Edward Street

Photo: Illustrative image for the 'Edward Street' page

Times were hard in the 1920s

Extract from an interview with Georgina Attrell

"Times were very hard, but there was always 'Uncles', the pawn shop in Edward Street, which had a never ending queue of people on a Monday morning. The little office where we took the things to raise the money to feed us all for the week was round at the side and back. This entrance was in fact in Henry Street, it led into a dark gloomy little room with a very high counter. You passed the items over the counter; Dad's best suit and shoes usually, and the spare sheets and blankets that could be spared in the warmer weather, occasionally there was some of Gran's jewellery.

The pawnbroker would write the tickets with a funny contraption of a pen that wrote two tickets at once, one he would give to you and the other would be attached to the things you 'popped'. If the things were clothes these would be wrapped in bits of cloth and secured with a special pin, these we knew as 'pawn shop pins'. On Fridays we would get them out, unredeemed pledges were of course sold off. Many's the time I've seen something that belonged to us for sale in the window of the shop in Edward Street.

I hated the place and was very ashamed to be seen going in. If there was anyone there that I knew I would walk around un­til they had gone before I ducked back in again, but of course as soon as anyone saw you go down the road they knew where you were going if you were carrying a bundle. Times were really bad when my mother pawned her wedding ring. There always seemed to be a lot of them for sale in the shop, so I guess there must have been a lot of unredeemed pledges."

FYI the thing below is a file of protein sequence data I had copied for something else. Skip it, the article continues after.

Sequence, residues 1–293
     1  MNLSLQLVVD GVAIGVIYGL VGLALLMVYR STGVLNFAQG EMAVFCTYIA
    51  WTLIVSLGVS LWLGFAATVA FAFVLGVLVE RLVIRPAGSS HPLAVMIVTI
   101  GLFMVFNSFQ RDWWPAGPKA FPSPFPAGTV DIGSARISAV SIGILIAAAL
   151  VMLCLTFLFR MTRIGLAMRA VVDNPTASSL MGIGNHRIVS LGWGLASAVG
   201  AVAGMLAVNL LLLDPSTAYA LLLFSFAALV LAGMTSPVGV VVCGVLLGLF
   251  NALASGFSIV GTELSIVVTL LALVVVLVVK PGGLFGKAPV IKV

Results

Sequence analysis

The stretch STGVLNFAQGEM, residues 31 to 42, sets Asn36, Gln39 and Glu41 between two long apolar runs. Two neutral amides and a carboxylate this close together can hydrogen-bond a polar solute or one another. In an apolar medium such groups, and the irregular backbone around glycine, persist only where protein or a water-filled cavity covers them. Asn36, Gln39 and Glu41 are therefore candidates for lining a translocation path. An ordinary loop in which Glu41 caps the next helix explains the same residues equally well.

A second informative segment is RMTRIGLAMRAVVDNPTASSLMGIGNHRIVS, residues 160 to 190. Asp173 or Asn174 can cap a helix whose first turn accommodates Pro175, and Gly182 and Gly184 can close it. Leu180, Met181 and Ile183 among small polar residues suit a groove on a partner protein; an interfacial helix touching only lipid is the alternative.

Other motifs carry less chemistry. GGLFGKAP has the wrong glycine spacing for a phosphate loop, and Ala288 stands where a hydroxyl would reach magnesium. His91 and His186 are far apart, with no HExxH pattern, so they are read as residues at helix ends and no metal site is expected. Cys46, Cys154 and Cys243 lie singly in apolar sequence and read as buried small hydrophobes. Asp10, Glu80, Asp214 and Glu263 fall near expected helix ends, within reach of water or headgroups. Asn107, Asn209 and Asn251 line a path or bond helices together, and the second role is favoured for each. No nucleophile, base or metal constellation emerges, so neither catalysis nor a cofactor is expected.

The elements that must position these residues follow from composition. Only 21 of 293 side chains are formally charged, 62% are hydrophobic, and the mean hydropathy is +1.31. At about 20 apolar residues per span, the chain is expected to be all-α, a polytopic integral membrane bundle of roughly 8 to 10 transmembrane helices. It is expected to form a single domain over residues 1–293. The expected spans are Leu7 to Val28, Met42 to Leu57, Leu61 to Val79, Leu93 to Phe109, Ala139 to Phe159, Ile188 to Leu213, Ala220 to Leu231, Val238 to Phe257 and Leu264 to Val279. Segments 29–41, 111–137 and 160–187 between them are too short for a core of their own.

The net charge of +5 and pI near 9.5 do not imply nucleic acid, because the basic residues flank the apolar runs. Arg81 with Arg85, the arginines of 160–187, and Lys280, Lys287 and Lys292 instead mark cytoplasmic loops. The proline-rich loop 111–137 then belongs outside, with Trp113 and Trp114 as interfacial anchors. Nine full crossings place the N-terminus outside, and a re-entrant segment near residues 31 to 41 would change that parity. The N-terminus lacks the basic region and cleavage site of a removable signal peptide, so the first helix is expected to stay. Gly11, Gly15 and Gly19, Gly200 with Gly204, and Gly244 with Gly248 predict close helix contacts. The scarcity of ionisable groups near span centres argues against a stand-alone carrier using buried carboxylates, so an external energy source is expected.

Reproduced with permission from 'Backyard Brighton' published by QueenSpark Books and the Lewis Cohen Urban Studies Centre
This page was added on 18/11/2006.
Comments about this page

Just read with fascination about the pawn shop in Edward Street, then saw it was from an interview with Georgina Attrell. I have ancestors in my family tree, Alfred Attrell(b.1868)and his wife Georgina(neé Simmonds)who were born in Brighton, and wondered if she could be a relative?

By Jane Hanick (24/08/2008)

One of the pawn shop's name was Lucas, next door to Jack Balls, who sold almost anything - including lug worms for fishing bait.

By duffy watkins (21/02/2011)

Also on part of Edward Street was from George Street the Thurlow Arms then there was a small wet fish shop owed by Bill Spencer who was my husband's uncle. Also there was men's hairdressers called Dereks. He must have been there about at least 50 years if not longer as some already said. You had Luca's pawn shop, Jack Bull's fishing tackle then a greengrocers called Greens. On the other corner you had Greenfield's the bakers then a newspaper shop. There wasn't much on other side of the road. There was William Street then not much else till you got to the Salvation Army hall then the shops started again. The year was 1953-1960? I think out of all those the two that are still there and in business are Thurlow Arms which has changed its name, the hairdressers which is Derek's.

By Kathleen Catt (03/04/2011)

If you're already a registered user of this site, please login using the form on the left-hand side of this page.